This Alone Could Keep Markets Buoyant In The Near Term – AAPL, MSFT, IBM

Many traders and investors are now very concerned with the U.S. fiscal cliff that is rapidly approaching. Other stock market negatives for traders and investors are the weak Chinese market, the debt crisis in Europe, and constant tensions in the Middle East. These are all valid reasons for investors to be hesitant when it comes to buying equities in the near term.

Just over the past few days several companies have started to issue special dividend payouts before the end of the year is reached and the Bush tax cuts expire. Companies such as Las Vegas Sands (NYSE:LVS), Costco Wholesale Corp (NASDAQ:COST), and AOL Inc (NYSE:AOL) are just the latest companies to announce special dividend payouts before the end of year when the tax implications are due to change. This one factor alone could keep a bid under the market into the end of the year.

There is now a lot of chatter in the market among traders that many leading cash rich companies such Apple Inc (NASDAQ:AAPL), Microsoft Corp (NYSE:MSFT), and International Business Machines Corp (NYSE:IBM) could issue a special dividend before the end of 2012. This potential dividend will keep a lot of traders and investors from selling short the market because they do not want to have to pay the dividend themselves. This single factor will likely keep these markets buoyant in the near term.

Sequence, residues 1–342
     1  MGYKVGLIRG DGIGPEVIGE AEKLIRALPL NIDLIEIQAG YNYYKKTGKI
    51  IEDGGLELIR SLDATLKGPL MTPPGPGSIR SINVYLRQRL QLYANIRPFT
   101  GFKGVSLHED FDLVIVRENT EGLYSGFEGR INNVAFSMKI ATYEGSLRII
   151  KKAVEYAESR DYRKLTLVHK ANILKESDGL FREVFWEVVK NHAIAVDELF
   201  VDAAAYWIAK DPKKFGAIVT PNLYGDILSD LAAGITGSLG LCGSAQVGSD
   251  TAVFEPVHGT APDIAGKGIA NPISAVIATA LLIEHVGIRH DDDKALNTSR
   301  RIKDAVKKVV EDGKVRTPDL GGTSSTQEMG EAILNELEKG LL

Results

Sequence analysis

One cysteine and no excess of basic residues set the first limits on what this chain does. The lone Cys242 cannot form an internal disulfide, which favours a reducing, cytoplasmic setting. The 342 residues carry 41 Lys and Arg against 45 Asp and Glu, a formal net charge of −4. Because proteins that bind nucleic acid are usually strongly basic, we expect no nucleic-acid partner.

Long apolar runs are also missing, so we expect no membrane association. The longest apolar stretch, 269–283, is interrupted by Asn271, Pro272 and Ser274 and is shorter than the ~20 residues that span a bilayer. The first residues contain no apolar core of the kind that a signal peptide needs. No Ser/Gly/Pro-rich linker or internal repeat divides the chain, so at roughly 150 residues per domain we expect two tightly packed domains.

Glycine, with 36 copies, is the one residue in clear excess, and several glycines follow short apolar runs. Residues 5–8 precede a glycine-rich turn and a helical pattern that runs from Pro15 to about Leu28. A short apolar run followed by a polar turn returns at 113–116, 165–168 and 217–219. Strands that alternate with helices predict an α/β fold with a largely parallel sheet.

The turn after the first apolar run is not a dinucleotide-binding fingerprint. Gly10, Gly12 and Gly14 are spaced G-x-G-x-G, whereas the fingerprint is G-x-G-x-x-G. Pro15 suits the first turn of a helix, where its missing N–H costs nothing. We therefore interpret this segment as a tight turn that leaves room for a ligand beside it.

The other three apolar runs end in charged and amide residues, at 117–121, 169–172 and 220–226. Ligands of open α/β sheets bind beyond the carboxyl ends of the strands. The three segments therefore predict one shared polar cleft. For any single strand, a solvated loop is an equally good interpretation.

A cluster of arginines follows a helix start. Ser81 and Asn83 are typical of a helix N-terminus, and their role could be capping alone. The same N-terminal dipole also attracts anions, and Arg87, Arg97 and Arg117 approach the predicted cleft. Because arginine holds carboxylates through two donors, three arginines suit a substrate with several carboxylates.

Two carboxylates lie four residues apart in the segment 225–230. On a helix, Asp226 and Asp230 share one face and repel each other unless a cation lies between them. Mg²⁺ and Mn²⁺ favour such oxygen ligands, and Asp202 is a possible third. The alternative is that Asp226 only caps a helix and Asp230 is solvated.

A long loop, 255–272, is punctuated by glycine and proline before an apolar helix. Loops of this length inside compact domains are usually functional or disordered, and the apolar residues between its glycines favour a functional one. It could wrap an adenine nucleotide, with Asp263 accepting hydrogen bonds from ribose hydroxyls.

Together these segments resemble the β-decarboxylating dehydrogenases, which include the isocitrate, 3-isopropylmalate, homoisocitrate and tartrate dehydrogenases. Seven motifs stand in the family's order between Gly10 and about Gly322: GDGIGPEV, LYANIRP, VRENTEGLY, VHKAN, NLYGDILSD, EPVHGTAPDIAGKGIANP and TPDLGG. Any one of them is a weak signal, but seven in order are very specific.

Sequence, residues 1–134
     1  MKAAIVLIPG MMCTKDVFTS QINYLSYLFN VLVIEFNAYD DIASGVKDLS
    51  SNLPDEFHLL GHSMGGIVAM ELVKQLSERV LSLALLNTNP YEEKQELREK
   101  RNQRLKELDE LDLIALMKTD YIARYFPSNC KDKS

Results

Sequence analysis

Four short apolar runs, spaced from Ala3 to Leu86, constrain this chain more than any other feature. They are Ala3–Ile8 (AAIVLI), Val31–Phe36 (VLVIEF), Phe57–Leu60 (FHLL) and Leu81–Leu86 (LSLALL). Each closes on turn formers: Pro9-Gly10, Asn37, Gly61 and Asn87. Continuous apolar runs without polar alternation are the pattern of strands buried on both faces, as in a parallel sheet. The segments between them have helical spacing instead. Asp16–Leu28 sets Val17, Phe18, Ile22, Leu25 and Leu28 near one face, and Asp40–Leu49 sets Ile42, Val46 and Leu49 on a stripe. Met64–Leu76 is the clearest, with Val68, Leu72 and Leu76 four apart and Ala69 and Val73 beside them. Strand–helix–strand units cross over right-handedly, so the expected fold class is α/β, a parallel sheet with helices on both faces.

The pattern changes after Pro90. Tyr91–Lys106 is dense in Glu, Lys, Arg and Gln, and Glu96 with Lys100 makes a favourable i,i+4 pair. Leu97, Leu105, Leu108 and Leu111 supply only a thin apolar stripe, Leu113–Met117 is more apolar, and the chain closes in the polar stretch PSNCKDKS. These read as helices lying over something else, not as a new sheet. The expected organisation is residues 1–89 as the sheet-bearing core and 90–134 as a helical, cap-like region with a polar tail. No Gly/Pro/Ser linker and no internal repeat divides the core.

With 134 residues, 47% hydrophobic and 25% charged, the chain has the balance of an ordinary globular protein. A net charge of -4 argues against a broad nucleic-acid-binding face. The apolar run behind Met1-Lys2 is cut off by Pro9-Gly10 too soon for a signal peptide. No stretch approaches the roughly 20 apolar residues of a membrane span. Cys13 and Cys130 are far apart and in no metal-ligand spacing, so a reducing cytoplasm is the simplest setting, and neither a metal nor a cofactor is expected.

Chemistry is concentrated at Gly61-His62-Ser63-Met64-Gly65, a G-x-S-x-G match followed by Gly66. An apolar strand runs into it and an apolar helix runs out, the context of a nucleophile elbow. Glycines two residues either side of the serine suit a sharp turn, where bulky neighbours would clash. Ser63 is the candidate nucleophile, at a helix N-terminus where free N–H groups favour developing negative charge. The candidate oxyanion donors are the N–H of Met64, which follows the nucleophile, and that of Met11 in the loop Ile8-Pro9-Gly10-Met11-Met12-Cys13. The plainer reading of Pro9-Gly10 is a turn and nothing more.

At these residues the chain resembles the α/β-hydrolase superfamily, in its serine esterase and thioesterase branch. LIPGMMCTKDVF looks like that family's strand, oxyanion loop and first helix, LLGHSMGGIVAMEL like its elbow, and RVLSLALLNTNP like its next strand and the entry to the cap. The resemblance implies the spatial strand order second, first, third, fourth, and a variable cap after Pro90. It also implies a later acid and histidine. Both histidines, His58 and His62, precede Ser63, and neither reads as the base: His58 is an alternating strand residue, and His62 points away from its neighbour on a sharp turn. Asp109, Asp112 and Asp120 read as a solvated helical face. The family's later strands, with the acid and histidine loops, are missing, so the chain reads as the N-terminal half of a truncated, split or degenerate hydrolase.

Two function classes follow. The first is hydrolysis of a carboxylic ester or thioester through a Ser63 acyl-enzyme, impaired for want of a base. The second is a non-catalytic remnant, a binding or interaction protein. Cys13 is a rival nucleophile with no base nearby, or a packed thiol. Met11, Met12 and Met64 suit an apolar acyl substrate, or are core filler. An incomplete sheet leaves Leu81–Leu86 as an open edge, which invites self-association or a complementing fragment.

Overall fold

About Nicholas Santiago 575 Articles


Nicholas Santiago started trading in 1991. In 1997, he became a licensed Series 7 and 63 registered representative. He managed money for a large, affluent private client group. After applying his knowledge to his client base, he decided it was time to begin teaching those interested in learning his methods. He is an expert in Technical Analysis. He has become an accomplished technician in the studies of Elliot Wave, Gann Theory, Dow Theory and Cycle Theory. In 2007, he partnered with Gareth Soloway to form InTheMoneyStocks.Com and realize his dream of educating others about the truth of the markets.

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